But the territory of viral memes has been so thoroughly colonized that publishers who haven’t already figured it out are probably too late to the game. BuzzFeed and Upworthy might have figured why people share stories on Facebook — no haters, basically — but imitators abound. Even The Washington Post’s Know More seems a bit like when AOL-Netscape launched Propeller back in 2006 to chase after Digg, and then quietly killed it a few years later. (And beyond the diminishing returns of meme traffic, a world of unending Upworthy is too depressing to consider.)
So publishers will have to go for other ways to make things go viral. To crib from Annalee Newitz, there’s busting common myths or digging up an unknown truth about a common item. There’s also digging up new trends, reporting on a new bit of tech that’ll actually help the average consumer, or (luckily for us at Modern Farmer) finding ways to work pictures of very cute animals.
So assuming Facebook is truly serious about being the Only Website You Ever Visit and wants to make its News Feed a place of unendingly interesting news, how will publications respond?
One of the keys, I believe, is nailing the middleform. If Facebook is serious about designating high quality sources and publishers (even though there’s a lot of debate about what they actually mean by that), churn-and-burn aggregation artists will take a hit. And longform, while admired by journalists, is only sometimes successful. It’s putting tremendous amounts of resources in one basket, which is a risky bet at best.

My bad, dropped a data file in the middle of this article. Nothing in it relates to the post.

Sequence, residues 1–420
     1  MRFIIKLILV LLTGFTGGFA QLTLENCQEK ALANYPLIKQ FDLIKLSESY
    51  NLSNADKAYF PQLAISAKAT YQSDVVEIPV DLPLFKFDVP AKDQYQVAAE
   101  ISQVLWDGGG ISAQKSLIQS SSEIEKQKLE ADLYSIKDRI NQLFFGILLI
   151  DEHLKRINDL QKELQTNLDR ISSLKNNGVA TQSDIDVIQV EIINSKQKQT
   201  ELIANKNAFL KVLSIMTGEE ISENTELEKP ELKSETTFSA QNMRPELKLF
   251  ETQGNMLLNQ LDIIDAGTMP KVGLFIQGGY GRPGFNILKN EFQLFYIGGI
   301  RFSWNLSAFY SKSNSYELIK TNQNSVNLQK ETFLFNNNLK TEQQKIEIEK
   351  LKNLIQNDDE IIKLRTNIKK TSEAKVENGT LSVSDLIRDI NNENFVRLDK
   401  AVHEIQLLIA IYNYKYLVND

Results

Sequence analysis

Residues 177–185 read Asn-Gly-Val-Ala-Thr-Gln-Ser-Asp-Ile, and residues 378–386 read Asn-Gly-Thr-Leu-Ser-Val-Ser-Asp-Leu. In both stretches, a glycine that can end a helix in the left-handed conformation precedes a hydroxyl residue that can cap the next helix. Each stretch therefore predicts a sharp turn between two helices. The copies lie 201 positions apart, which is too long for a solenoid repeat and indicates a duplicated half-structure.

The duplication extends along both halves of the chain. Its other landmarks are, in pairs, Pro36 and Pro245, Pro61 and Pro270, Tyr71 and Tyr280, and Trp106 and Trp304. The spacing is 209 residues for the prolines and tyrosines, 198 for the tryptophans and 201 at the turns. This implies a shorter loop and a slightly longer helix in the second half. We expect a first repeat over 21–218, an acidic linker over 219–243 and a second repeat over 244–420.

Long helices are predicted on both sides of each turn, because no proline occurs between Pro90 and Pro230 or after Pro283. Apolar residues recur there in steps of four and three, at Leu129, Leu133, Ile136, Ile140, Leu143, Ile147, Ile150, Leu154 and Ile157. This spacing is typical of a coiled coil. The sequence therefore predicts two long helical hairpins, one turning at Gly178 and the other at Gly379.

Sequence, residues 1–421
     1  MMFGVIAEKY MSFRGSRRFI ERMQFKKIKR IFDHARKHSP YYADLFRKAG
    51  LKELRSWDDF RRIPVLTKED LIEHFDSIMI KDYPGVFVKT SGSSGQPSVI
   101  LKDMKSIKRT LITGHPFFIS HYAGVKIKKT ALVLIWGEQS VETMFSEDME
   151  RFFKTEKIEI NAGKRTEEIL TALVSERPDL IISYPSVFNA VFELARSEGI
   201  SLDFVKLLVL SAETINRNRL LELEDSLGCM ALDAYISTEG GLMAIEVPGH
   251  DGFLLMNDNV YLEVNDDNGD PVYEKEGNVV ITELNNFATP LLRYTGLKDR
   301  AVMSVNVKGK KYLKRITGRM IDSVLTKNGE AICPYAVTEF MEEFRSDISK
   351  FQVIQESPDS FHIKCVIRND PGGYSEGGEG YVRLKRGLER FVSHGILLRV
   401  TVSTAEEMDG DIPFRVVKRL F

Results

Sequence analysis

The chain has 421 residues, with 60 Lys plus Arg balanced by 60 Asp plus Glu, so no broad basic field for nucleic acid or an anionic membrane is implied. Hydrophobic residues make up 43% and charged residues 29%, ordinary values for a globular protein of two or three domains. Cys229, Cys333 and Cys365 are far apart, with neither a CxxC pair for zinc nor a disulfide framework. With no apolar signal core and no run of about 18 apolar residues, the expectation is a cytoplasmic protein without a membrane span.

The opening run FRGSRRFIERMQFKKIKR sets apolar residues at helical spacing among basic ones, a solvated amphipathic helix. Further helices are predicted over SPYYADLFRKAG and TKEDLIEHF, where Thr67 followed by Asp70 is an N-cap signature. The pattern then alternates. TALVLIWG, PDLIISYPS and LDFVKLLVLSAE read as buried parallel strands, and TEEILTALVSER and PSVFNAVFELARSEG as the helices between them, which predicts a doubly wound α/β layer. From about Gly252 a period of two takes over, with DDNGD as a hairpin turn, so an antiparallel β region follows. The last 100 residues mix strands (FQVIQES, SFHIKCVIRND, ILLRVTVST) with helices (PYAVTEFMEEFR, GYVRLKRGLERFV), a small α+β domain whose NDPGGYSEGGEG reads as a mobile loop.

Which is why sites like The New Republic, The Atlantic, the online version of The New Yorker (and, ahem, ourselves) all seem to be settling in on middleform stories. By which I mean around 750- to 1,000-word pieces that introduce a topic, explore it, and then quickly get out. It’s not a blog post with an intro, a block quote, and a snarky kicker, but it’s also not a deeply reported story with 14 sources and the manpower of a research desk behind it. Middleform is the five-minute read, not the one-minute list of GIFs or the 30-minute deep dive. It allows online publishers who (barring some seismic shift in CPMs) will always remain resource-strapped to deliver interesting, original, reported pieces without spending the tremendous amount of money and time longform requires.
Online publishing is, unfortunately, a lottery. It’s very hard, with a few exceptions, to know exactly what will hit. So the more tickets, the better your chances. For a long time, that meant whoever could push out the absolute most content, regardless of quality, got the most traffic. If Facebook holds true to what they seem to be saying, quality and originality will suddenly start to matter quite a bit more for publishers that rely on social traffic. Middleform will allow publishers to continue to push out content at a speedy clip, while hopefully capitalizing on whatever changes Facebook’s algorithms will bring us.